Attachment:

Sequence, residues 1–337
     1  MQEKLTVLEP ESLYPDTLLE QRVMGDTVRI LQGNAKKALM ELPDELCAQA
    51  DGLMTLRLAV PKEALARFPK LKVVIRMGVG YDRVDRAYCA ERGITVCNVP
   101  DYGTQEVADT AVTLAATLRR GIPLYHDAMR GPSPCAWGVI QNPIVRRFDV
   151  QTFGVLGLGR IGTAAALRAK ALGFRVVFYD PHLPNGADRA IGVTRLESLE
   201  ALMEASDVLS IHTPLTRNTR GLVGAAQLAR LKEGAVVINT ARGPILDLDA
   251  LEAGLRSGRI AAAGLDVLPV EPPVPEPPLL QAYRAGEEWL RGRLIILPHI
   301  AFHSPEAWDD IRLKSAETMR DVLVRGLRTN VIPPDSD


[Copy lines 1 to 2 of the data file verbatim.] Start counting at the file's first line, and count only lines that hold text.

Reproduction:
Sequence, residues 1–337
     1  MQEKLTVLEP ESLYPDTLLE QRVMGDTVRI LQGNAKKALM ELPDELCAQA